You take great care of your chickens while they are on your plot, so when you sell them you need to know how to transport poultry safely and humanely. So ensure proper care during catching, crating, loading onto the vehicle and then transporting them.
Likewise if you are going to buy a few birds to bring home, plan their trip to ensure the least amount of stress to your new acquisitions.
Check the condition of the birds
Perhaps a good point at which to start is to decide whether the bird is in a fit state to travel.
Only load or transport birds that are free from infirmity, illness, injury, fatigue or any other cause which may induce undue suffering during the expected journey.
Do not load a bird that is weak or not alert or that has dark red, purple, or black combs or wattles. Also do not choose birds that have discharge from eyes/nostrils, bloody or prolapsed vents, a swollen head or neck or where the skin on its head or neck is dark red or very pale. Emaciated and weak or injured poultry will not travel well.
Crates for transporting poultry are readily available at poultry equipment shops. For two or three birds, if you are not travelling far, a large cardboard box will be adequate, as long as there are sufficient ventilation holes. You could also use a large basket that you use to take your cat to the vet.
Catching and Crating
If your poultry is free ranging, be careful in the way you catch your birds. Don’t herd them in a way likely to cause smothering or piling.
As a rule the best way is to quickly grab their feet from under them. Do not chase your chickens around grabbing at their tails or wings. This will only cause them panic and might injure them. Try to work slowly and calmly with them.
If you are dealing with a large number try to minimise the passing of birds between people.
If the chickens are in a cage, remove them holding two legs. Take only one or two birds from a cage at a time, depending on the size of the cage door. Remember that end-of-lay hens are more fragile than other poultry.
Do not carry the birds by the wings or neck and don’t squeeze the legs. Also do not swing, throw or drop the birds.
Place birds upright and gently inside the crates. The temperatures on the day will influence the number of birds you load per crate. Live mass for every square metre of container is a better way to assess capacity, rather than working in numbers. In moderate conditions it is recommended that you work on 63 kg/m2 for broiler chickens and 98 kg/m2 for turkeys. If temperatures are high, reduce that to 54 kg/m2 and 83 kg/m2 respectively.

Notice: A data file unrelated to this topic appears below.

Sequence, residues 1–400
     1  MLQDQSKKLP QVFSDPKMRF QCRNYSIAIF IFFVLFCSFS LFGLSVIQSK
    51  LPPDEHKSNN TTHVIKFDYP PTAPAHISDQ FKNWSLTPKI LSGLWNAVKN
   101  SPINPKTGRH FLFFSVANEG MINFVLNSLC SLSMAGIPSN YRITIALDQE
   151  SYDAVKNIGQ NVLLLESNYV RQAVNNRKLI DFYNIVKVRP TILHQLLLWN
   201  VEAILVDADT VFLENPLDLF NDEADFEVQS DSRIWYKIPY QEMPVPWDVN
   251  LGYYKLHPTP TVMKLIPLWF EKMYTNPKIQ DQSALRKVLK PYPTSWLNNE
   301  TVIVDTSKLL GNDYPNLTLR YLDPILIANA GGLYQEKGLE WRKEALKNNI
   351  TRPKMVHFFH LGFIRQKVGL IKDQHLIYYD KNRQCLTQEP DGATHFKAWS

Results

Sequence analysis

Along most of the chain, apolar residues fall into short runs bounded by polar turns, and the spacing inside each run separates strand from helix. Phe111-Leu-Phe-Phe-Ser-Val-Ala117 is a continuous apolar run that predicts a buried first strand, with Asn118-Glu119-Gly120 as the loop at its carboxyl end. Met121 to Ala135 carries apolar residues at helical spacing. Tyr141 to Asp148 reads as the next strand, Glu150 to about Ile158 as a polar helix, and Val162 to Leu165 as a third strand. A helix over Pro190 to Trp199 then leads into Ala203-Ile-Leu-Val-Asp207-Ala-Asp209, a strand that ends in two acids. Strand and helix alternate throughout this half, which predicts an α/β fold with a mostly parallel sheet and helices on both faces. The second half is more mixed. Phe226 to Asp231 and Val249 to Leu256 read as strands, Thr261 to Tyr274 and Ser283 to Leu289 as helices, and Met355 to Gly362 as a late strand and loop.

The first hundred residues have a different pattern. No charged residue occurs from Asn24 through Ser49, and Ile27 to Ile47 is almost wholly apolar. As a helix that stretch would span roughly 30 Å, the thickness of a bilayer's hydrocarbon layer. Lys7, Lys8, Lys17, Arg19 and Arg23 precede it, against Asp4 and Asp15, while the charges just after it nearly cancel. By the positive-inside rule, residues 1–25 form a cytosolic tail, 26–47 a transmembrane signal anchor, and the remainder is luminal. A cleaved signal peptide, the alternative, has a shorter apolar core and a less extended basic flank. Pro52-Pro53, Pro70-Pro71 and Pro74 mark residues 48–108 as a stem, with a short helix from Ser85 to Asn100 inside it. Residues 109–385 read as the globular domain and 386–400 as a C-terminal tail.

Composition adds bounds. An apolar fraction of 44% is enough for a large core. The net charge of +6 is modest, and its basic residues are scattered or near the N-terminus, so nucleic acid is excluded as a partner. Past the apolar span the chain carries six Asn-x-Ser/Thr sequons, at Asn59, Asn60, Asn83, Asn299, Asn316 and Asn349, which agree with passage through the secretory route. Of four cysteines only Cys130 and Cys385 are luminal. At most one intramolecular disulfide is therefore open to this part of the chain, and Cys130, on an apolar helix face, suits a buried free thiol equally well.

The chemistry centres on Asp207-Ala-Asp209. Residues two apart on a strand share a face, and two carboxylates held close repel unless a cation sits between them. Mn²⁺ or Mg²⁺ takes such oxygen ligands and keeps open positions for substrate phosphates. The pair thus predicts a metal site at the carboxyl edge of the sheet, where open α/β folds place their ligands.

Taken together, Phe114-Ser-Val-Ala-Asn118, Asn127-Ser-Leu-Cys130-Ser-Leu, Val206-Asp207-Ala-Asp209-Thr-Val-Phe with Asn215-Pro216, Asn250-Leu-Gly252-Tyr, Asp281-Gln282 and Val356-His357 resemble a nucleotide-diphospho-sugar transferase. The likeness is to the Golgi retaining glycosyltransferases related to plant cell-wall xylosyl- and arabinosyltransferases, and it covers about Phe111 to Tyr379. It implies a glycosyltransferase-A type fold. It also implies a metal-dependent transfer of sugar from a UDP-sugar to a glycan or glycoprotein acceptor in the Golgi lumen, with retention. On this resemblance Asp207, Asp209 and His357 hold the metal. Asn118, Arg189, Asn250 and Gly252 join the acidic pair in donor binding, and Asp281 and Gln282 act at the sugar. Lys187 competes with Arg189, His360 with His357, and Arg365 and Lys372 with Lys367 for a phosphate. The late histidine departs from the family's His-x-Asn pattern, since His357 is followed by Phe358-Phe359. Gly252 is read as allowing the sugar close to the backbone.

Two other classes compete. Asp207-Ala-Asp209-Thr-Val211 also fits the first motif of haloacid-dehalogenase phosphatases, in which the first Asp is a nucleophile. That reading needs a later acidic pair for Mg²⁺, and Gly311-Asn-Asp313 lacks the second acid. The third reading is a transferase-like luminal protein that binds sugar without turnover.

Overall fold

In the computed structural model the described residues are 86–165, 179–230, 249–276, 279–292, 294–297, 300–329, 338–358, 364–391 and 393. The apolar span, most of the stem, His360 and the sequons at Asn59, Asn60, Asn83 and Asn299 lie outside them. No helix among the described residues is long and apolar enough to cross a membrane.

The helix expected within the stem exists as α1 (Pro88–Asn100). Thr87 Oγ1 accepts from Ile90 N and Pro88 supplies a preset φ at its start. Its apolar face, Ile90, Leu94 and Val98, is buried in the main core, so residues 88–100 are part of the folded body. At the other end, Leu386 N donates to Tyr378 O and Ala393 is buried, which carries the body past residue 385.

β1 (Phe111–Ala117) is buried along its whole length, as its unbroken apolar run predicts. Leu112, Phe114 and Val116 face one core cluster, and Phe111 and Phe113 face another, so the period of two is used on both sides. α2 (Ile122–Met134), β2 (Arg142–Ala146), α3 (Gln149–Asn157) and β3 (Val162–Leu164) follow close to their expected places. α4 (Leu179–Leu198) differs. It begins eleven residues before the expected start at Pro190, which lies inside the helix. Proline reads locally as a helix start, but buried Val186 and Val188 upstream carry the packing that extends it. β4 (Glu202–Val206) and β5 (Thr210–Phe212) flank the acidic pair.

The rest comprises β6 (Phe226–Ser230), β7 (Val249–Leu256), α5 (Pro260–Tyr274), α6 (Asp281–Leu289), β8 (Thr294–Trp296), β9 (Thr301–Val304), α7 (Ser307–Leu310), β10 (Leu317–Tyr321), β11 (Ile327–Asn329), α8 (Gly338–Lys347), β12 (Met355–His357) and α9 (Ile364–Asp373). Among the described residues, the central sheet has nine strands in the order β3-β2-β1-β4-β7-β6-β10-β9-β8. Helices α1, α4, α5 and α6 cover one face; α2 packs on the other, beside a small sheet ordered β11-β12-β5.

If you are moving chicks, the numbers should also be reduced in very hot or humid conditions. Chick boxes must be loaded in such a way that air can circulate easily.
Do not load wet birds in cool or cold weather as they cannot maintain their body temperature. Protect them from getting wet during loading. Use caution when loading wet birds in moderate conditions.
Check on traffic reports to ensure that there will be no road closures, road works or any other reason that might make the journey too long for the well-being of the poultry.
The birds must be protected from extremes of weather. The type of protection will depend on whether you are working in great heat, cold or stormy weather. If they are being transported in crates on an open bakkies or truck, a sheet should be used to cover them.
Once you reach your destination, park in the shade during warm weather or in the lee of buildings in driving rain. Do not park inside a building as there will be insufficient air for the birds.
If the unloading cannot begin immediately it’s better to keep the vehicle moving. This maintains the circulation of air.
Rapid unloading of the birds is necessary, especially for chicks. Nothing should be allowed to interfere with the smooth unloading of the vehicle.
The Code of Practice of the South African Poultry Association lays down the responsibilities of the driver, as well as details concerning the conveyance of chicks, pullets, broiler and adult birds.